Digital Twins Accelerate Sustainability

Does your organization care about sustainability? If so, leveraging digital twin technology can help you surge ahead to meet your future goals.
A digital twin is a software-based replica of a physical asset. Although the concept is now associated with the Industrial Internet of Things (IIoT), the earliest digital twins were designed to make product lifecycle management easier. Instead of investing time and effort into the laborious process of building and evaluating new product features, you can explore the impacts of product features, characteristics, and material selection virtually. (Tao et al., 2018)

These new digital capabilities can have huge impacts on sustainability. Exploring new aspects of products without building prototypes directly reduces material waste, and it’s faster, easier and cheaper to test out more options in software as well. For example, modern Computer Aided Design (CAD) software provides what-if analysis that lets you determine full lifecycle costs, from creation to disposal, for the 3D design you create. Materials simulators in these CAD packages let you specify what material types are feasible for your designs, and the software will explore thousands of combinations and recommend the most sustainable outcome. (Paudel & Fraser, 2013)

Because product designers can see the impact of their design decisions in real time, they can make better choices to support sustainability. In addition, being able to see how product design and material selection can change total emissions helps the designer make better choices for the planet.

These are just the simplest examples, though. In the Industry 4.0 era, digital twins are being used to amplify the value of simulation. Optimizing operations and predicting failures is much easier (and in some cases, possible) when there is a software system to manipulate. (Boschert & Rosen, 2016) For example, a blast furnace at a steel mill can’t shut down without weeks of up-front planning, and it costs millions of dollars a day to take a blast furnace offline for repairs and process changes.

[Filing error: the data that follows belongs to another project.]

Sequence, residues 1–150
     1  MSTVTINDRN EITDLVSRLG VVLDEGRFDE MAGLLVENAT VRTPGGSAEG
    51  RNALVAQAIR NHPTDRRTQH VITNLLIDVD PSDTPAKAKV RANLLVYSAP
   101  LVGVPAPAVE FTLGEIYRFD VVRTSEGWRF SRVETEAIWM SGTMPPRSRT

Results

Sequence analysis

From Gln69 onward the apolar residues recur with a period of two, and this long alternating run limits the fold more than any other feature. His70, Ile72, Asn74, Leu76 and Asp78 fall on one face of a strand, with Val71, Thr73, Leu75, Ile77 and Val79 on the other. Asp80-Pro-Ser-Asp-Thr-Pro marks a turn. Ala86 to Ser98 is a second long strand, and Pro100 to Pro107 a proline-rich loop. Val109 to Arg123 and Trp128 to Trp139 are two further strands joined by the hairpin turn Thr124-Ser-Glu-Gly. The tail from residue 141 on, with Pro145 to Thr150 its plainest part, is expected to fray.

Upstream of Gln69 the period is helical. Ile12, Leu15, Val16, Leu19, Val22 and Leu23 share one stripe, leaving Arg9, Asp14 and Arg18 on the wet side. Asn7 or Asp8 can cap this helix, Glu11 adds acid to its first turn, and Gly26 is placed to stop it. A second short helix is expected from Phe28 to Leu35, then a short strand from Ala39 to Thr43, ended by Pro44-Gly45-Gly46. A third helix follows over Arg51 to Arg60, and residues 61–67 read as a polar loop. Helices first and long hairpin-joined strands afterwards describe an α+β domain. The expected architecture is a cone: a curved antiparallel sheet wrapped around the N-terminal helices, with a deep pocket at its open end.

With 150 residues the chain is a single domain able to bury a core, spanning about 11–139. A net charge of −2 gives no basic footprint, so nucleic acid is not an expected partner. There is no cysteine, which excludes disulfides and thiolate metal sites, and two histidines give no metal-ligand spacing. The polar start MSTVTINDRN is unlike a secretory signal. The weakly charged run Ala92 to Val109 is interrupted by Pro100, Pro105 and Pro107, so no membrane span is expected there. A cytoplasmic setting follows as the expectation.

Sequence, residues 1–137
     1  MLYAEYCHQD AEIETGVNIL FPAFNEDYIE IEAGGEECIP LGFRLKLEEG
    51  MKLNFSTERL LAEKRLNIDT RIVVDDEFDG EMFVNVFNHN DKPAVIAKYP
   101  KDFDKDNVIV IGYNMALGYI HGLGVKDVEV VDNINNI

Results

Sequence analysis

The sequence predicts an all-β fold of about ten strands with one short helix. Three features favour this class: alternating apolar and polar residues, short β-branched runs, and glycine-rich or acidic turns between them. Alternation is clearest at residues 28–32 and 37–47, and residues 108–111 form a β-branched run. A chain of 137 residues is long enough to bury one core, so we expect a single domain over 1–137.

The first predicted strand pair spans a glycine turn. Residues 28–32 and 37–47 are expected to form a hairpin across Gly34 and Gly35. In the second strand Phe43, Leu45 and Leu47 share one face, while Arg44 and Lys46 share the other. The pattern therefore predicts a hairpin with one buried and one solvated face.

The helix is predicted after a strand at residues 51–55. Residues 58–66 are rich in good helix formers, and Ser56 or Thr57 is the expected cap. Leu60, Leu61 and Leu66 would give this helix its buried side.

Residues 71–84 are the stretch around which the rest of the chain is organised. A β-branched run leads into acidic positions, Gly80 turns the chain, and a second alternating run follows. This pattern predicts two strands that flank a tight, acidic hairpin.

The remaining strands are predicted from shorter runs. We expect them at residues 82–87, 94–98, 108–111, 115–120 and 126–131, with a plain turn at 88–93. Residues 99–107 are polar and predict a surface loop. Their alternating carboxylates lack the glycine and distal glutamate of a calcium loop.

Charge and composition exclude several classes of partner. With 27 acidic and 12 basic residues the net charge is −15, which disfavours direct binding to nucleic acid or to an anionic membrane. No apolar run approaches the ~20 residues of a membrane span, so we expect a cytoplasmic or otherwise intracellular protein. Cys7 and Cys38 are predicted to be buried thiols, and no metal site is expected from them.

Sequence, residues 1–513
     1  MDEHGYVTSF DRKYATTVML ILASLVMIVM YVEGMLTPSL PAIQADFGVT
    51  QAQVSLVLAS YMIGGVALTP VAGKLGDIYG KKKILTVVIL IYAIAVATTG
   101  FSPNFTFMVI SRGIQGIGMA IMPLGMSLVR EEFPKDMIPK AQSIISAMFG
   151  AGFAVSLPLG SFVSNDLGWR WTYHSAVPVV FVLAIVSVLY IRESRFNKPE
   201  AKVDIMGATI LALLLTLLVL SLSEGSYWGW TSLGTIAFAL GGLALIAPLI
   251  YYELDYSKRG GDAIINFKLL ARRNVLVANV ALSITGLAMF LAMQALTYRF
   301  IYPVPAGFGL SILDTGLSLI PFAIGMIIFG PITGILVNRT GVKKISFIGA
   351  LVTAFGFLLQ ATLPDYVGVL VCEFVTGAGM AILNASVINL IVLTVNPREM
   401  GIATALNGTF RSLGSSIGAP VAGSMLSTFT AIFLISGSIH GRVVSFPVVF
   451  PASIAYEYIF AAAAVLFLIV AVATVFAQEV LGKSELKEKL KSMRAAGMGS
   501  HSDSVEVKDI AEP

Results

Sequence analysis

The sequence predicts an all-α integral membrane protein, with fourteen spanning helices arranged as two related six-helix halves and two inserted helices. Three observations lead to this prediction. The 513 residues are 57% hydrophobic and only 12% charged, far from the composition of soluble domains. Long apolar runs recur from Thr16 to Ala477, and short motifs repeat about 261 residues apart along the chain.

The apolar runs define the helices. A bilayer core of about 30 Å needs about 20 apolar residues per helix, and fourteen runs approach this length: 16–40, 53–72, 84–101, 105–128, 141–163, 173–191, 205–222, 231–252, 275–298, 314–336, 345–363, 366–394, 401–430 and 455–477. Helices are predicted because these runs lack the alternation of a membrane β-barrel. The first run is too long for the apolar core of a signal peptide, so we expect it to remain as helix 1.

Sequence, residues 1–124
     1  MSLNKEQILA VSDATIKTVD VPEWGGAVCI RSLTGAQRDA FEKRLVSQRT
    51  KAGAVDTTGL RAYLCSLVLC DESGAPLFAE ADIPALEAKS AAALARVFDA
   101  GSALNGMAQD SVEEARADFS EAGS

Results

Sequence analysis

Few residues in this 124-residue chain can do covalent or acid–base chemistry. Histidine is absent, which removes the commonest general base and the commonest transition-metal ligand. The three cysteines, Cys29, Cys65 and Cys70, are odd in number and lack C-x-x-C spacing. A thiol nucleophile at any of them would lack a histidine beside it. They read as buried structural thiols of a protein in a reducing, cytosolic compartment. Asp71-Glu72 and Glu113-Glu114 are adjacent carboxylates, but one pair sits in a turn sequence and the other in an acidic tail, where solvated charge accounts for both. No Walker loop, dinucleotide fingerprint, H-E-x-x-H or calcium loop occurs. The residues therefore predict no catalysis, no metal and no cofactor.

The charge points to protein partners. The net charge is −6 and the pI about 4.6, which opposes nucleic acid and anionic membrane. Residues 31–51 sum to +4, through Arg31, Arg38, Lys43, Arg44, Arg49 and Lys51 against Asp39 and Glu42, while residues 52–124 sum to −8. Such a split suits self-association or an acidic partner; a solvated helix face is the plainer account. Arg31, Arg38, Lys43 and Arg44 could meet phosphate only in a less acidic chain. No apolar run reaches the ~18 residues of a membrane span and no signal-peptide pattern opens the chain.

In any industry, digital twins can make it possible to test new methods and techniques without compromising the production schedule, losing money, or risking asset damage. So in addition to helping companies reach their sustainability goals, by design — digital twins can be used to advance quality goals as well.

Additional Resources:

Boschert, S., & Rosen, R. (2016). Digital twin—the simulation aspect. In Mechatronic Futures (pp. 59-74). Springer, Cham.

Paudel, A. M., & Fraser, J. M. (2013). Teaching Sustainability in an Engineering Graphics Class with Solid Modeling Tool. 120th ASEE Annual Conference and Exposition, Jun 23-26.

Tao, F., Cheng, J., Qi, Q., Zhang, M., Zhang, H., & Sui, F. (2018). Digital twin-driven product design, manufacturing and service with big data. The International Journal of Advanced Manufacturing Technology, 94(9-12), 3563-3576.

This entry was posted in EHSQ and tagged , , , , by Nicole Radziwill. Bookmark the permalink.

About Nicole Radziwill

Nicole Radziwill is a quality manager and data scientist with more than 20 years leadership experience in software, telecommunications, research infrastructure, and higher education. Prior to joining Intelex, she was an associate professor of data science and production systems at James Madison University, Assistant Director for End to End Operations at the National Radio Astronomy Observatory (NRAO), managed software product development for the Green Bank Observatory (GBO), and managed client engagements for Nortel Networks and Clarify (CRM). She is an ASQ-certified manager of operational excellence (CMQ/OE), an ASQ-certified Six Sigma Black Belt (CSSBB), and contributed to the development of ISO 26000—“Guidance on Social Responsibility.”

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